Friday, September 26, 2008

You are a mortgage lender

This post inspired by a comment in my previous post regarding mortgage ads. I don't know if this is going to go anywhere meaningful, so don't expect much.

Those with power don't like to share full and truthful information with the public. They're afraid we might do something about it. So this is based off of information that we are being fed.

Pretend for a moment with me that you work for a mortgage lender.

You have almost no money (or so we're being told). No capital. No cash.

Your whole existence is based around giving cash to other people to buy property with. You then collect cash from those people over time.

The average mortgage lasts around 7 years. Mortgage's do not go for the full term, due to properties being sold or refinanced.

Over the life of the mortgage you collect regular installments of cash. But at the end of the loan (typically around 7 years down the road), you get almost all of your original cash back. So everything you get payed during the regular payments is gravy (read: interest).

Right now a high percentage of people you loaned money to are not paying you back. So your getting less and less cash.

In some cases you give up on getting cash back and just take the property back. Your hope is to be able to sell the property and get you original cash back. The problem there is that it's very very hard to sell any property right now, and if you do, it will likely be for less than you originally loaned out for the property. So your cash is further dwindling.

I can see how there is a tailspin of less and less cash available to lend.

You need to get back on track of getting cash back from people. In order to do that you have to lend some out. In order to get more people to lend cash out to...you might want to advertise.

7 Comments:

Blogger Capn John said...

And that's exactly why I think it's a very foolish business practice for lenders to foreclose on mortgages.

There's a very small chance you'll be able to sell the house and recover all of the money you loaned the buyer, so why do it?

Why not be a considerate lender and try to work with the buyer so they can continue to make payments, even if they're smaller than you'd like, so you can at least get some cash flow happening.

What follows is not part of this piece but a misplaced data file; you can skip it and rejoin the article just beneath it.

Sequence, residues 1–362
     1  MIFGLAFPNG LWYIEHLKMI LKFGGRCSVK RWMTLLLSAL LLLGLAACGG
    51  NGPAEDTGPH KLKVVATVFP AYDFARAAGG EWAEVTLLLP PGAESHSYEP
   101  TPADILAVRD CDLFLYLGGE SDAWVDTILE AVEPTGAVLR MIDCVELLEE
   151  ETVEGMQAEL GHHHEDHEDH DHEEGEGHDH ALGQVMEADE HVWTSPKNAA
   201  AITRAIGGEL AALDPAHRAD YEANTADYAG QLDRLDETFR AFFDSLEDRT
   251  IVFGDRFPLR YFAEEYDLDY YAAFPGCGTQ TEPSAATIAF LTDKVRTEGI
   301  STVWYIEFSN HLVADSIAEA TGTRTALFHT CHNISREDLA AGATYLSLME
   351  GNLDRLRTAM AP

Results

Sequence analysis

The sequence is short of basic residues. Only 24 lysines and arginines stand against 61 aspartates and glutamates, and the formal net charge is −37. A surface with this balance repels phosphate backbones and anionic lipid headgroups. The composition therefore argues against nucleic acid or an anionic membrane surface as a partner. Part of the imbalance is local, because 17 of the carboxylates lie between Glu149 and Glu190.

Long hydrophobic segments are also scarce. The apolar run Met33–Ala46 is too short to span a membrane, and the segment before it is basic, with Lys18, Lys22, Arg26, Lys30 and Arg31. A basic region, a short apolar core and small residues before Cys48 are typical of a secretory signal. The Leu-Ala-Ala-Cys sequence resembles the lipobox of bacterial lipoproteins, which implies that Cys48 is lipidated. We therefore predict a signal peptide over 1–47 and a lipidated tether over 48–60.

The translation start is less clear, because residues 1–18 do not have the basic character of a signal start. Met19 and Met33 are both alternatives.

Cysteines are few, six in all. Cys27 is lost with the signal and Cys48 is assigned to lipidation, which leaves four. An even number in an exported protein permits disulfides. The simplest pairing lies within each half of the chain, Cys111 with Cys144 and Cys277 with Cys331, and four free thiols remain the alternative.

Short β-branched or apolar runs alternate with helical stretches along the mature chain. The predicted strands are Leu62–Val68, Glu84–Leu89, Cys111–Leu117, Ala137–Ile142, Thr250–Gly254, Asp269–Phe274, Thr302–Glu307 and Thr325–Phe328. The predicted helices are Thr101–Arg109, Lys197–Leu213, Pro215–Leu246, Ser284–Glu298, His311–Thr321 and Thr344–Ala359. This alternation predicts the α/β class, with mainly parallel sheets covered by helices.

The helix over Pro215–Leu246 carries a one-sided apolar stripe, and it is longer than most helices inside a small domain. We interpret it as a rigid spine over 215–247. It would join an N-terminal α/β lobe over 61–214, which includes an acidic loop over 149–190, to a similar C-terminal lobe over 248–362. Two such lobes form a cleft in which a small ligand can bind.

9:27 PM  
Blogger April said...

If they could develop some sort of timeline to help "poorly advised" purchasers to get "back on track," perhaps you and I wouldn't be footing the bill for the next, oh say, 30 years!

1:37 AM  
Blogger BugHunter said...

John, in our current circumstances I'd have to agree. There is zero chance of reselling a house you foreclose on today. In the past, when there was a good chance (2001 -2004 it was practically garaunteed) of reselling, then foreclosure made a lot more sense. Banks aren't very good at rolling with the times it would seem.

April, so what plan would work? What do you mean by "back on track"? To me, back on track for these people means moving back into something they can afford, like an apartment.

9:10 AM  
Blogger Matt "The Bull" said...

yeah; If a house were "sellable" wouldn't the struggling homeowner do that. what makes a bank think they can sell a house???

12:56 PM  
Blogger Capn John said...

Matt, the struggling home owner is usually very reluctant to sell his house for 1/4 of what he paid for it and move into an apartment. And even if he is willing to do that he still has a huge mortgage hanging over his head, so now he's trying to pay his monthly rent AND make good on mortgage payments for a house he no longer owns.

By contrast, the Bank is more willing to sell a house for less than market value and will gladly accept a figure amounting to 25c on the dollar for a loan on which they believe the borrower has defaulted.

The former home owner still ends up in an apartment but at least now he doesn't have to worry about mortgage payments. In fact, with his credit report showing that he defaulted on his home loan, he'll probably never have to worry about mortgage payments ever again.

3:49 PM  
Blogger Wow Panda said...

Well, the 700billion deal just got struck down.

I am both happy and scared.

I am happy because it saved tax payers a lot of money.

I am scared because if the big ones going down, a lot of the common people will get hurt never the less.

And I don't think the government can make a loan better than private banks.

A better solution might be, give the surviving big players some incentive to buy the bankrupted ones (by striping the bad CEO down to their boons and some).

5:04 PM  
Blogger Capn John said...

Alan Fishman has been working for Washington Mutual for about 3 weeks now. He's doing alright for himself, too. He apparently got a seven and a half million dollar bonus ($7,500,000) for signing on with them, and after JPMorgan Chase complete their purchase of WaMu's banking assets, he'll move on to greener pastures and take an additional eleven and a half million dollars ($11,500,000) with him.

Not bad for temp work, hey?

11:47 AM  

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